|Ruth Chatterton, "Female," 1933.|
Ruth Chatterton was a star of the late 1920s and early 1930s, often appearing in risque roles as strong, independent women. In "Dodsworth" (1936) she stars opposite Walter Huston as a vain wife unwilling to accept her age; she takes advantage of a European trip with her retired, wealthy husband (Huston) to have affairs with other men, looking for an upgrade in social status by maybe marrying a count. I think her character is a little shallow and intentionally unsympathetic. We could have felt more for a middle aged woman who finally gets to break free from mid-western mores; instead she's drawn simply as a cheating wife. But she's still great in the role.
In "Female" (1933) she plays a more complicated character; this time as head of an auto firm (in "Dodsworth" it was her husband's company!). She's unmarried and can't seem to find the right man. They are all either too simpleminded or too fawning. When she finally meets her match, it's a man who is unwilling to play second fiddle to such a strong woman. Unfortunately the Hollywood pattern required her character to ultimately succumb to his demands, willing to get married and let HIM run the company while she has the kids. Later on I think she might have instead forged some kind of compromise, maybe running the company and getting married at the same time, but in this film, so close to the institution of the Production Code, perhaps the studio played it too safe.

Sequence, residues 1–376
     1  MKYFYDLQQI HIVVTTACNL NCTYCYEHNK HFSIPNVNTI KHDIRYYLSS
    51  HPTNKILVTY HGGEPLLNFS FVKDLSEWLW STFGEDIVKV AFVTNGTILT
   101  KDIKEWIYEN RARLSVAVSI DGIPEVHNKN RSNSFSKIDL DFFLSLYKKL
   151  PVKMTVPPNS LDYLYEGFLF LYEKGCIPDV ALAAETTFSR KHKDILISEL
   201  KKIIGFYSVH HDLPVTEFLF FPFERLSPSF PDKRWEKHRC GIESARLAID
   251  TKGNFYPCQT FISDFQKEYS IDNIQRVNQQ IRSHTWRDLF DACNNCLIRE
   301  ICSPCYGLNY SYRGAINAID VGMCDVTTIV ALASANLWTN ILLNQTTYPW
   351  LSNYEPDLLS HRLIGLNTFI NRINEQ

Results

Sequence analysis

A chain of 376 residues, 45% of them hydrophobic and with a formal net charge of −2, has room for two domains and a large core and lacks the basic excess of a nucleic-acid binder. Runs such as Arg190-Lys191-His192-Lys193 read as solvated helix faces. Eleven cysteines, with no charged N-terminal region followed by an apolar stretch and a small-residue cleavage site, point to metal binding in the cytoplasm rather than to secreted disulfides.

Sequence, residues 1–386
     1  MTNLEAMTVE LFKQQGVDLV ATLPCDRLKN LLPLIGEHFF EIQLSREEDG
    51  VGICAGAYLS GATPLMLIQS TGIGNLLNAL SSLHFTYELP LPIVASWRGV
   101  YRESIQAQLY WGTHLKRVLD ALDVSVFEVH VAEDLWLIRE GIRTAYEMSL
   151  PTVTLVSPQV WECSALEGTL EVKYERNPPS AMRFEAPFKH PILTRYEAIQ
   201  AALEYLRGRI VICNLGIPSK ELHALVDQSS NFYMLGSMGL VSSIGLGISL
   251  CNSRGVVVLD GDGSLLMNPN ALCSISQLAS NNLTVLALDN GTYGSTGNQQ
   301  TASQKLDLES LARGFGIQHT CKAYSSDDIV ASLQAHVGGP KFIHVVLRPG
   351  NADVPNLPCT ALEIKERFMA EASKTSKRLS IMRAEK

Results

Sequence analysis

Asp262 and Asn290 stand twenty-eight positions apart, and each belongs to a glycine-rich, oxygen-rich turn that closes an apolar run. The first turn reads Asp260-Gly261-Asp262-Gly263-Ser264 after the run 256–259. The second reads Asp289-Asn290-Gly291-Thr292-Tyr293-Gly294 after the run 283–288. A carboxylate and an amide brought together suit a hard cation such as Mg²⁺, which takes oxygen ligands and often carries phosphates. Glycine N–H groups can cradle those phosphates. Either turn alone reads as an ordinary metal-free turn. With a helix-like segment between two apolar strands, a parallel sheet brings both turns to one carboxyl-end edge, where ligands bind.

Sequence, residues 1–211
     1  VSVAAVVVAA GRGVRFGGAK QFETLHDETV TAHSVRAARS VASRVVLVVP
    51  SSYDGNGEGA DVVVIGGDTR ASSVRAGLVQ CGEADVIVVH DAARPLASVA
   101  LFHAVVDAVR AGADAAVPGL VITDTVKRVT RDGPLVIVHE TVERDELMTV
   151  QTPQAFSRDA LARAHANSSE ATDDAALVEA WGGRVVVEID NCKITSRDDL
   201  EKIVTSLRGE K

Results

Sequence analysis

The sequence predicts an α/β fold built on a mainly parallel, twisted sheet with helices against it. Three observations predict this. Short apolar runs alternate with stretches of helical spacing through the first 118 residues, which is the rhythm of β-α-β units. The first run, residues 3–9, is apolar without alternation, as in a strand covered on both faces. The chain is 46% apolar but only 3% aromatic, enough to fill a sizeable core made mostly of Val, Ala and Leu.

|Harold Lloyd, "The Freshman," 1925.|
I almost did a sketch of Harold in his trademark straw hat, cocked at an angle. But I liked the way he looked in the leather helmet. This is the part of the film where he tries out for the football team, repeatedly kicking the ball over his own head. With "Safety Last!" (1923), "The Freshman" (1925) is Lloyd's other masterpiece of silent slapstick. I think I got his glasses just right . . .
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